Virgin Atlantic has filed for bankruptcy in the United States as the global aviation industry feels the impact of the coronavirus pandemic.
The UK-based airline is seeking protection under Chapter 15 of the US Bankruptcy Code, which allows a foreign debtor to protect the country’s assets.
It is the second Virgin-branded airline to fight this year. Virgin Australia went into administration in April.
Meanwhile, Virgin Australia’s new owner, Bain Capital, is set to cut 3,000 jobs.
The Virgin Atlantic US bankruptcy court case said it had negotiated a deal with stakeholders “for a consensual recapitalization” that will take the debt off its balance sheet and “immediately position it for long-term sustainable growth.”
The move comes less than a month after the company announced it had struck a £ 1.2bn ($ 1.6bn) bailout deal to secure its future beyond the crisis coronaviruses.
As part of the plan, Richard Branson’s Virgin Group has injected £ 200million, with additional funds provided by investors and creditors.
The boss of billionaire Virgin has seen a request for funding from the British government rejected, leaving the airline in a race against time for new investments.
The US filing is linked to a separate action filed in a UK court, where Virgin Atlantic obtained approval on Tuesday to call meetings of affected creditors to vote on the plan on August 25.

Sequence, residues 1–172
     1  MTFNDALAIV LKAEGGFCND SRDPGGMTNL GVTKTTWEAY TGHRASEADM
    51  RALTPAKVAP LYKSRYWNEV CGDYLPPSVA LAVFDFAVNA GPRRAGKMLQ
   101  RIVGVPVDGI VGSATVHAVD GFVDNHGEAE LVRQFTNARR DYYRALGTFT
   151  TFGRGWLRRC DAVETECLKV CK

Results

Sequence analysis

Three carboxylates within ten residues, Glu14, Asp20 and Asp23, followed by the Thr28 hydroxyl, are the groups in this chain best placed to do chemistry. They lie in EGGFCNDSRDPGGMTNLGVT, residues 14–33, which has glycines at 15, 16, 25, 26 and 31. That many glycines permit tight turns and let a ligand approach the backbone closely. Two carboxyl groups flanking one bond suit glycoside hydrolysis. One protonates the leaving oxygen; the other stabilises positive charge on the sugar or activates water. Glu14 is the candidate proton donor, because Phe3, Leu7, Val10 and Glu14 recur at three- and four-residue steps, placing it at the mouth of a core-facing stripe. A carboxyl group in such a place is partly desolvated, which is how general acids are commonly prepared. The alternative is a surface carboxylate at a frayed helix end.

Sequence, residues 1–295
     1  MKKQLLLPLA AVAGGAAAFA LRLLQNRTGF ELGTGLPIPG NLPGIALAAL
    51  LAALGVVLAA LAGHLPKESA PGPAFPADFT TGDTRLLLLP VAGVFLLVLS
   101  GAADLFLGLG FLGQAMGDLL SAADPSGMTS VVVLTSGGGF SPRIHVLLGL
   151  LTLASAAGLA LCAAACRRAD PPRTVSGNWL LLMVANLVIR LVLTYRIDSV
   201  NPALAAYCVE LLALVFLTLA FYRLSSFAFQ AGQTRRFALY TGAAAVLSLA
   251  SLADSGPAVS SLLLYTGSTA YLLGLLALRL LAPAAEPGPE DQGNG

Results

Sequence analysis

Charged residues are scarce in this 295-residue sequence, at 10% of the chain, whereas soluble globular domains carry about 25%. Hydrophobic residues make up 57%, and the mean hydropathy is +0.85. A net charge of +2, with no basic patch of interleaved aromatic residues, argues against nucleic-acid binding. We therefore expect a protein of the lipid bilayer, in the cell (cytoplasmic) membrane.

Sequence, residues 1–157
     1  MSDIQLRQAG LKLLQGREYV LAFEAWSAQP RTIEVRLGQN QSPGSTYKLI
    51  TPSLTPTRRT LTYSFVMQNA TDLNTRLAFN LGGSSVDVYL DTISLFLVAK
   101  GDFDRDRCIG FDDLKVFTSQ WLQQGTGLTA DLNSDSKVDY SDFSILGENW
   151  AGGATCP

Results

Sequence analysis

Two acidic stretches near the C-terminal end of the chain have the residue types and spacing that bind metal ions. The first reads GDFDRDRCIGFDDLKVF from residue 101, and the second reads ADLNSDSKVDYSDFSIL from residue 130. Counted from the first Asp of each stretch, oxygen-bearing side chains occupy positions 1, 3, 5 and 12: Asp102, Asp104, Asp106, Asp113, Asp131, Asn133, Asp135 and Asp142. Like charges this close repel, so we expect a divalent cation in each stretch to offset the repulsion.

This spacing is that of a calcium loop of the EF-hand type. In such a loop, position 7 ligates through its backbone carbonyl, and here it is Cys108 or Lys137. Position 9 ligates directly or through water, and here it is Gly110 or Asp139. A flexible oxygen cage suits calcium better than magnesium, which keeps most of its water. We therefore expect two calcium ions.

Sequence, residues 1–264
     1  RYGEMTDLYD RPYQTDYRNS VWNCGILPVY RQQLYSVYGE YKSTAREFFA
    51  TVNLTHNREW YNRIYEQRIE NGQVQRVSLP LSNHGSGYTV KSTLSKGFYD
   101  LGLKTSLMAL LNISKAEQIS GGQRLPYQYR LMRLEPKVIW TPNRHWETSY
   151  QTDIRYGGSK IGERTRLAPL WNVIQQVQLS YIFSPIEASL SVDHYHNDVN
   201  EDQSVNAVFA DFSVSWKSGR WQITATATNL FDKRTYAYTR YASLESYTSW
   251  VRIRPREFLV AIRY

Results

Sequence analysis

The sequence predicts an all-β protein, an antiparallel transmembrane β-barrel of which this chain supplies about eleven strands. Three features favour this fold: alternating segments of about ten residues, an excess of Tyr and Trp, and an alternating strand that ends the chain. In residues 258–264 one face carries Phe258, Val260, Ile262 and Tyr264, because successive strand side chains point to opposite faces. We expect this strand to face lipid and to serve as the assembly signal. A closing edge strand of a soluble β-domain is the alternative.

In May, Virgin Atlantic, owned 51% by Virgin Group and 49% by US airline Delta, announced that it would cut more than 3,000 jobs in the UK and shut down operations at Gatwick airport.
Coupes Virgin Australia
Meanwhile, the new owner of Virgin Australia, US private equity group Bain Capital, has said it will cut 3,000 jobs, or about a third of the airline’s employees.
Australia’s second-largest airline’s turnaround plan will also see it withdraw the economy brand Tigerair.
“By working with Bain Capital, we will accelerate our plan to deliver a strong future in a challenging domestic and global aviation market,” said Virgin Australia Managing Director Paul Scurrah.
In April, Virgin Australia went into voluntary administration, making it the first major victim of the coronavirus pandemic in Australia.
The following month it was bought by Bain Capital, which said it supported the airline’s current management team and its plan to turn the company around.
Bain also pledged a “significant injection of capital” that would help Virgin Australia recapitalize and keep thousands of jobs.
Carriers around the world are struggling to cope with the severe drop in air travel caused by the coronavirus pandemic.
The International Air Transport Association warned in June that the crisis would cause airline losses of more than $ 84 billion (£ 64 billion) this year.